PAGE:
I packed up my things and went to Bar Island, which was pretty busy with tourists. I prefer being a little more "on my own" with hikers and bikers in the park (but Bar Island is technically part of the National Park - it's a bit patchy in places with park and private property). The summit of Bar Island has a great view of Bar Harbor and what Church would have called Mount Desert. Most importantly I had a great view of Champlain Mountain! I don't believe Church could have gotten a view of this mountain and the coast, so he must have combined a few views in the painting he did in his studio. I think I'm going to eliminate the hotels in the foreground when I do this painting. Some of his paintings done in studio, while they may not be technically accurate of the exact scene in the same way you could be if painting from a photograph, I think they speak to a greater understanding of a place as a whole, not just one of its parts.
|Because cats deserve a nice walk on the beach. Note my very sneaky picture skills.|
|Path to Bar Island, only accessible during low tide.|
|Approaching the island.|
|There was a whole field of these! Wanted to stay and frolic all day in my favorite color!|
|Anyone know what these are called??|
|Great view from Bar Island Summit.|
|Sketch with notes of Champlain Mountain.|
|Sketch with notes of Champlain Mountain.|
|Church's studio painting Newport Mountain, Mount Desert aka Champlain Mountain.|
Looking now, I think the view might be on the private property next to Dorr Point...
|Because all the cool fellows were doing it yesterday. #atlanticocean|
I went back to Ocean Path to hang out before the sun set. I was honestly exhausted and had a headache. I found a nice spot and laid down and let go of my "maybe just one more quick painting....." thoughts. I did end up doing an annotated sketch of Sand Beach since I had a nice view, and the contrast with warm and cool colors was intriguing as the evening sun started to set. I left to go watch the sun set part way up Cadillac Mountain - it was an amazing view and I was joined by a group of girls who spent 30 minutes trying to get "that perfect group selfie with the sunset." I had to paint quickly to get the colors down - I feel like a crazy person all flustered with my brushes not really paying attention to anyone around me (except those selfie girls, they were impossible to ignore). The colors were so rich and it was all over so quickly...kind of like my time in Acadia.
|Very interesting rock formations.|
|Maybe the real view of Church's Schoodic Peninsula painting?? This is Great Head near Sand Beach, but I saw the view and thought I've seen that somewhere...|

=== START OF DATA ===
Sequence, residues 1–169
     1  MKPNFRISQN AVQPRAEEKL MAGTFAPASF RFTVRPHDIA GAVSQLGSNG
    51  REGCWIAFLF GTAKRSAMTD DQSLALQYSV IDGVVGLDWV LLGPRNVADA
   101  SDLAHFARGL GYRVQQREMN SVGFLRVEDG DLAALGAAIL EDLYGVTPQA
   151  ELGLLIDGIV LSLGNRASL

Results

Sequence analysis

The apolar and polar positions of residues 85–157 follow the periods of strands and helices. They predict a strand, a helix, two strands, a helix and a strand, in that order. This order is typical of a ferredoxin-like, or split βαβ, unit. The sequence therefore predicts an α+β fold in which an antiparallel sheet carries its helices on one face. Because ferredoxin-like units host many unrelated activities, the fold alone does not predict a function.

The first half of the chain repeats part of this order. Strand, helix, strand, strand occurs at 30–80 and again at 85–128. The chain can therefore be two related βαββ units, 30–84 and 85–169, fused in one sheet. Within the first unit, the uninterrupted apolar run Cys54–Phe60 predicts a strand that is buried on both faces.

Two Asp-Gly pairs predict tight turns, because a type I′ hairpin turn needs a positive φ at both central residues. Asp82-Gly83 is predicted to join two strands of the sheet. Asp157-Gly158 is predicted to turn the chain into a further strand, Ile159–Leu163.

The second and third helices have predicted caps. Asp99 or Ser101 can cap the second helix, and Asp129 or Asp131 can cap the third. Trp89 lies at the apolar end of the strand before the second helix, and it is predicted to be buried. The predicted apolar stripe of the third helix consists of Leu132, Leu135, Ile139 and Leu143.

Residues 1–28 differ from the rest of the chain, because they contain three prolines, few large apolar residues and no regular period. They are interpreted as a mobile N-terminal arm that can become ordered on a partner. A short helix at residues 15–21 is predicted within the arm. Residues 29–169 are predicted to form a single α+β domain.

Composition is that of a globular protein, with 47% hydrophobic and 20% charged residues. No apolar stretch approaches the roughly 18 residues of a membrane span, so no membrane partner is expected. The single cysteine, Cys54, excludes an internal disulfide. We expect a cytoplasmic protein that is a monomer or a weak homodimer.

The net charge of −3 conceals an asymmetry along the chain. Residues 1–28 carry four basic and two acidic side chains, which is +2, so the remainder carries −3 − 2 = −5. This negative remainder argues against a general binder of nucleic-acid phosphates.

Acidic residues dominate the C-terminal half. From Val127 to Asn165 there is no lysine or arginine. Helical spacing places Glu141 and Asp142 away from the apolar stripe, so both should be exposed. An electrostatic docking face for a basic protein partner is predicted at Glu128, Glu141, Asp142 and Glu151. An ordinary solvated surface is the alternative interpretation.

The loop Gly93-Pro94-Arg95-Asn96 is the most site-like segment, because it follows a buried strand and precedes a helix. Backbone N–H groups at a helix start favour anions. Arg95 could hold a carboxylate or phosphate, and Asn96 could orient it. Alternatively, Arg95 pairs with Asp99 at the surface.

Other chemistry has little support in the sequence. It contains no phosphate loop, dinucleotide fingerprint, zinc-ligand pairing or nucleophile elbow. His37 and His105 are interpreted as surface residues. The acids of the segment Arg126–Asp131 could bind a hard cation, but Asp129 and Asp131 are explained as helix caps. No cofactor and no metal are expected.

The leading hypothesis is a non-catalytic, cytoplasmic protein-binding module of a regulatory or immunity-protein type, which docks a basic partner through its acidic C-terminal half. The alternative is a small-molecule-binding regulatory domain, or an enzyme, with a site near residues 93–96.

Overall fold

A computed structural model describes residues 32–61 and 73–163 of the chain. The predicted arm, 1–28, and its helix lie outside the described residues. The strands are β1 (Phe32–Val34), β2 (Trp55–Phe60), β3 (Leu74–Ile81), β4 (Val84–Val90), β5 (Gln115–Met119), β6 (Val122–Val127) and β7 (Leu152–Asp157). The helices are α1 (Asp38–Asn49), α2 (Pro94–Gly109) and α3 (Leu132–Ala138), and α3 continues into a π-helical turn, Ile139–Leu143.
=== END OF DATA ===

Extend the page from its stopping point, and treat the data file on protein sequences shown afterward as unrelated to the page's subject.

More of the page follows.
|Church's Schoodic Peninsula from Mount Desert at Sunrise may have really been Great Head and Old Soaker rock.|
|One of many rocky alcoves along Ocean Path. Stunning colors in the rocks, even in shadow.|
|A little cloudspotting.|
|A little rock examination.|
|A little sketching of Sand Beach.|
|Coast at Mount Desert (Sand Beach) by Frederic Church.|
So, my reflections on my time in Acadia: loved it. The landscape here is stunning and I can see how Church, Cole, and many other artists have been drawn here for many years. I am grateful for the generosity of many people in the history of this park who worked to protect the area. I am happy with the work I did here - this is the most productive and inspired I've ever been as an artist. I struck a balance between the views Church painted and sketched and what I chose to paint and draw. Sometimes the his pieces were clearly labeled and I was able to go right to that spot, which were very meaningful experiences, and other times I had to do my best to approximate. I had to make some choices based on time about how long I could spend searching for an exact view, while also navigating how the area has changed since the 1800's. By following Church and the locations he selected to paint and draw, I have felt as if he has been with me as a teacher on this journey. I have learned an incredible amount about being an artist, plein air painting and sketching (like using bristle brushes = genius), the concept of the "artist adventurer" or "artist outdoorsman" who fuses the two together in a single experience, how multidisciplinary art is as a lifelong practice, that "chasing the light" really means chasing the light. I learned how possible I believe it will be to do studio paintings from these sketches, notes, and paintings. These artists and their artwork didn't just happen due to natural skill and ability, they dedicated their lives to developing their craft and we get to behold the fruits of their labors. Thank you Frederic Church for all you've taught me...
I could write more but......goodbye Acadia, on to the Hudson!
|Sunset from Cadillac Mountain.|
|Reminiscent of this Church painting (no specific location given).|
|Look at that color!|
|Also thought this was similar to another Church sunset sketch I came across.|
|One last pic: lovely campground in Acadia. Only complaint is far away expansive showers.|